You might want to write some things down about your father. Remember the good times. As Dr. Phil says, they lived a lot more than just the time of their death. Celebrate their lives. I'm amazed at how much more I understand why they were like they were. Most people would never believe I say that my mom is my hero, but I've been able to examine things now and she is my hero. I was going to say my dad is my hero, but without her, so many of us would have never made it as far as we did. She gave us so much and so did our dad. I will forever miss them. I hate the idea of leaving my own children now that I'm 62 and my parents both died at 76. I know what it is like to live without my parents and I hate the idea that they will be without me.

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Posted by: thedesertrat1 ( )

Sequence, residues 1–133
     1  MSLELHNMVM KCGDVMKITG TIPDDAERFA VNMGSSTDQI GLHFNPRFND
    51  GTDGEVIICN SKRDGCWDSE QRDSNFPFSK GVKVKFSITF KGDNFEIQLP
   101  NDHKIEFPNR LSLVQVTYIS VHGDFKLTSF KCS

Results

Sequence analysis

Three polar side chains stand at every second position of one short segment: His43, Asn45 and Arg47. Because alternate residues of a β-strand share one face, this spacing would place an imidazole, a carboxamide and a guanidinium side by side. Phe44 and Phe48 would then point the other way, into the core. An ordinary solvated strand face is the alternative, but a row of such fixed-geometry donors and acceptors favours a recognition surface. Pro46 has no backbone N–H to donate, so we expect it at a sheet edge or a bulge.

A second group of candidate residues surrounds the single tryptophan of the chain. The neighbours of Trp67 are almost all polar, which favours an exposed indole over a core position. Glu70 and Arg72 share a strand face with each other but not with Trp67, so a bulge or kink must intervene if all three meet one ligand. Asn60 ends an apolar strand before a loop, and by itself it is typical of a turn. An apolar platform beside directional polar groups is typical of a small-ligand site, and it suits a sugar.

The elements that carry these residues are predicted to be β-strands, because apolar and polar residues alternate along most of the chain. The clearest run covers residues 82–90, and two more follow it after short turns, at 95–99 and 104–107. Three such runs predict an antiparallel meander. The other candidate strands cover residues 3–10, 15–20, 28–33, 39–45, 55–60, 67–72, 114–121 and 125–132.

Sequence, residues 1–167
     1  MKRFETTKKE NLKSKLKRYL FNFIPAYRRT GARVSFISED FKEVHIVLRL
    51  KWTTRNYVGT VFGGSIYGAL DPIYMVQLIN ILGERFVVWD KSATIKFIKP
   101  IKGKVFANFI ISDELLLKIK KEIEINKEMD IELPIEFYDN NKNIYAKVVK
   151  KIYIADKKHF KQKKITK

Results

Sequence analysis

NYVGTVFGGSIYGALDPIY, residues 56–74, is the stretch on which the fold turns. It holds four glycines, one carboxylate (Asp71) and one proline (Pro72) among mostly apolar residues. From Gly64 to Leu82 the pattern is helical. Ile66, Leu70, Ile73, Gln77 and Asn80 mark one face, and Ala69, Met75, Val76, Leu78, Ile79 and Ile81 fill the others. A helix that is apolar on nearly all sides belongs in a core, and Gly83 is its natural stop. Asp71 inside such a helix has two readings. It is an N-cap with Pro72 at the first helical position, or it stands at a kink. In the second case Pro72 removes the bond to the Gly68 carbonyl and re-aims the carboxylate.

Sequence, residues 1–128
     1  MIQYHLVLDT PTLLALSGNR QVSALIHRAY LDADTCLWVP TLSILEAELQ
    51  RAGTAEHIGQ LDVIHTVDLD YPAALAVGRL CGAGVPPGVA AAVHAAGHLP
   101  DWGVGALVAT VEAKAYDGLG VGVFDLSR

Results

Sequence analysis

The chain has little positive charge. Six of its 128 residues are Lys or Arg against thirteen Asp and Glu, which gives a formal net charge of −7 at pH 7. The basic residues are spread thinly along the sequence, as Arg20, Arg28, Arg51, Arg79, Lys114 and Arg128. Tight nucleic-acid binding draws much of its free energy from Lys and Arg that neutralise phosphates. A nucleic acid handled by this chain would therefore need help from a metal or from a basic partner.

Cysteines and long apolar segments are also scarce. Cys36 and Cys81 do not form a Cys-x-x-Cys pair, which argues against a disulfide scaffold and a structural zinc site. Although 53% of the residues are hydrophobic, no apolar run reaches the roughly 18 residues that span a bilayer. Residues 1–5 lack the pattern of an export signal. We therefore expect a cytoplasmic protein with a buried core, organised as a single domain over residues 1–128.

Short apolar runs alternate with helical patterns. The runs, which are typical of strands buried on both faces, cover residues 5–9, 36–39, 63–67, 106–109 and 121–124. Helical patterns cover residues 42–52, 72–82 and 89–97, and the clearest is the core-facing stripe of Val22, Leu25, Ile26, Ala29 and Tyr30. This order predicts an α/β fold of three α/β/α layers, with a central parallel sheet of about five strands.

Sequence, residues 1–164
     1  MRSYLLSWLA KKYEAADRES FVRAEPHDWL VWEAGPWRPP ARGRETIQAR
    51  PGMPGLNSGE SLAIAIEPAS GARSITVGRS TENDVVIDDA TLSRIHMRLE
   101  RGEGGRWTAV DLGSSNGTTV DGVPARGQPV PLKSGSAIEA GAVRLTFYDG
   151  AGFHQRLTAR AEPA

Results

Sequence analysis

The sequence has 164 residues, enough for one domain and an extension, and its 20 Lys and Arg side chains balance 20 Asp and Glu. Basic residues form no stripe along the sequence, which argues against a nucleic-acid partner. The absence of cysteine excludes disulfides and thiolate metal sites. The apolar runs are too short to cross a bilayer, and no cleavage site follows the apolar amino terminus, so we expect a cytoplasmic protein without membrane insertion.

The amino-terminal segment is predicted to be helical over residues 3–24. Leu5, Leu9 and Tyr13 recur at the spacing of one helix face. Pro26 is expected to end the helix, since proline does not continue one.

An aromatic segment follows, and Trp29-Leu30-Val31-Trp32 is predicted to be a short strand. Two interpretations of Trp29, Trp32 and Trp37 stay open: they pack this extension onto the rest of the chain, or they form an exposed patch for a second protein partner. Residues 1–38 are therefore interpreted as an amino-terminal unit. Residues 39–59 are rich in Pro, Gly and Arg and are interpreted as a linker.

Date: January 03, 2020 01:10PM

I understand
My wife died in 2017 and I am still a long way from getting over it.
I haven't grieved with tears but their are many ways to grieve

Edited 1 time(s). Last edit at 01/03/2020 02:32PM by thedesertrat1.

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Posted by: Lethbridge Reprobate ( )
Date: January 03, 2020 08:08PM

My grief journey has been an education unlike anything I've ever lived through before since my wife died in October 2017. Just when I think I'm past it, a memory..or a piece of music...or an image I see, especially a couple in a loving embrace will bring on the tears. I am not embarrassed to be seen crying either. It all helps heal.